Corneal protection from dryness is essential. Normally, at night the cornea is protected by the closed eyelids. After surgery, however, the eyelids may not close completely, due to swelling or weakness of the orbicularis muscle. Incomplete eyelid closure places the cornea at risk of drying out from evaporation of the tear film. Patients are instructed to use lubricating ointment at night and eye drops during the day.


Pixie Ear


The pixie ear is an unnaturally tethered ear. The earlobe is pulled down by the facelift scar. Usually this results from too much skin removal around the ear, creating tension on the skin closure (See photo). Experienced plastic surgeons avoid any skin tension around the earlobe to prevent such a stigma of surgery.


Facelift complication-pixie ear deformity

This patient had a facelift performed elsewhere 2 years previously. He was unhappy with the appearance of his earlobe afterward. This deformity was corrected by revising the facelift. His other before-and-after photographs are available in the Patient Photographs section—Male Facelift.



Neck Pleating


In fair-skinned, older patients, the skin may be sun-damaged and leathery. This may be more severe on the left side of the neck because of sun exposure while driving. Removal of excess loose skin of the neck can produce vertical skin folds, like pleats in a drape. Sun-damaged inelastic skin simply does not redrape well. Usually the pleats eventually smooth out, but occasionally a revision is needed.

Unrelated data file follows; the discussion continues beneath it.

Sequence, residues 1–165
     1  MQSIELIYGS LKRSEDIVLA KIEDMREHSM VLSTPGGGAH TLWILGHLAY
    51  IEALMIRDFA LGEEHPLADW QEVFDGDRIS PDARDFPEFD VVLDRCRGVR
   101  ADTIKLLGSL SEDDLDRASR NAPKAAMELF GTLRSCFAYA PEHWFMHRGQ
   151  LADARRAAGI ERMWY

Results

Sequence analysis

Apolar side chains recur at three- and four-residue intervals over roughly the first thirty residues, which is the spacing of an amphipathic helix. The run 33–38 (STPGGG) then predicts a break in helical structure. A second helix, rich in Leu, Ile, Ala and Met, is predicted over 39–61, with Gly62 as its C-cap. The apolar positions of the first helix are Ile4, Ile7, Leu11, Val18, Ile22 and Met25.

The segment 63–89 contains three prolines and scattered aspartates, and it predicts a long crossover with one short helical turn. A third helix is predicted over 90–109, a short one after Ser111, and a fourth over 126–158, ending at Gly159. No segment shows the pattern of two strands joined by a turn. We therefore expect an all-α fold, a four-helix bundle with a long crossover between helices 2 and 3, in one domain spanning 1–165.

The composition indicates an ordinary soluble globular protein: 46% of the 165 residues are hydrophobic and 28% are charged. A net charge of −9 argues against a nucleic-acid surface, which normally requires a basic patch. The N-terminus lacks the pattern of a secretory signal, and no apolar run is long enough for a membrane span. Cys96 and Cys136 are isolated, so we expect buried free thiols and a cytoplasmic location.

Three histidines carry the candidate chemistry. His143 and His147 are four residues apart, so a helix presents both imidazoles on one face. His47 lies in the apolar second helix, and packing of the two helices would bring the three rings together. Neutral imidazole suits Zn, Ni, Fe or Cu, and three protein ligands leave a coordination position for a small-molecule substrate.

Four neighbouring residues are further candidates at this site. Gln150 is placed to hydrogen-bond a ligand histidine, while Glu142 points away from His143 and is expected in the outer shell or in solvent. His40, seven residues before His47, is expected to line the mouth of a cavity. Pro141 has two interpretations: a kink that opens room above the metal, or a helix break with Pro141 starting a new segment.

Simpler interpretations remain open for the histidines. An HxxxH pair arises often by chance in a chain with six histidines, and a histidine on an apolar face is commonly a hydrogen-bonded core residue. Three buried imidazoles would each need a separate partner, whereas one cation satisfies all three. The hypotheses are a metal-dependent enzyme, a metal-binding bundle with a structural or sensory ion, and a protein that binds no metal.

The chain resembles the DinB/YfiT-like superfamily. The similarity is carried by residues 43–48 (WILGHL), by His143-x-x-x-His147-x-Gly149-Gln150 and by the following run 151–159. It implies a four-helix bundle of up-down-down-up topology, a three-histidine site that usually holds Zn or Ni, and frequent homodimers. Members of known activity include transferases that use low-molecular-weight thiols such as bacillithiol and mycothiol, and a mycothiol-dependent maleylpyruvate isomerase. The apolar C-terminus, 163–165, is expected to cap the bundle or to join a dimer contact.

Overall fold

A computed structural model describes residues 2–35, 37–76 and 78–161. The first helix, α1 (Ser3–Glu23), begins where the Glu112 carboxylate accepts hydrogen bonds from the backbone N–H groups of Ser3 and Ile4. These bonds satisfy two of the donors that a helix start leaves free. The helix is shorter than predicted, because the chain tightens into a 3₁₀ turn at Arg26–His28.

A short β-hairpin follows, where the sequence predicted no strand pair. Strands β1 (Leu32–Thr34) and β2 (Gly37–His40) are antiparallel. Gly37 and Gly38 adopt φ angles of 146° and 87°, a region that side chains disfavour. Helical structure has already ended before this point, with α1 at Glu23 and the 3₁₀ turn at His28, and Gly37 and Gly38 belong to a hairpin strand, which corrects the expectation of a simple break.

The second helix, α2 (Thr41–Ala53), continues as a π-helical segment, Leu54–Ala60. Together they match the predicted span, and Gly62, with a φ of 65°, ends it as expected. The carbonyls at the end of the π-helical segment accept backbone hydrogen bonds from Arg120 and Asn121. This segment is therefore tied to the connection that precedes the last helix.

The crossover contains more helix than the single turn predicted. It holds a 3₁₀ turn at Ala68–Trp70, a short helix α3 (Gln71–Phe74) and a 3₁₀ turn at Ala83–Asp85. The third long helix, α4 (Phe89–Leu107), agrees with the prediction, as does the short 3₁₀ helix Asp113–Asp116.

Lateral Sweep


A lateral sweep is an unnatural, operated-on appearance that can happen after facelifts that draw back on the skin of the lateral face, while leaving the vertical descent of the cheek and jowl uncorrected. In severe cases, the skin form may form horizontal folds, like clotheslines running from the ear to the corner of the mouth (“joker’s lines”). It is not a harmonious or pleasing appearance and is best avoided by using a vertical vector to elevate the facial tissues.


Tragal Deformity


Flattening of the tragus (the small bump just in front of the ear canal) may be avoided by using a pre-tragal incision, which is my preference. The tragus is a unique structure that is very difficult to re-create. I reserve a post-tragal incision for patients who had this approach at the time of a previous facelift.






Facelift complication- hematoma

Facelift complication-infection

Facelift complication-nerve weakness

Facelift complication-pixie ear deformity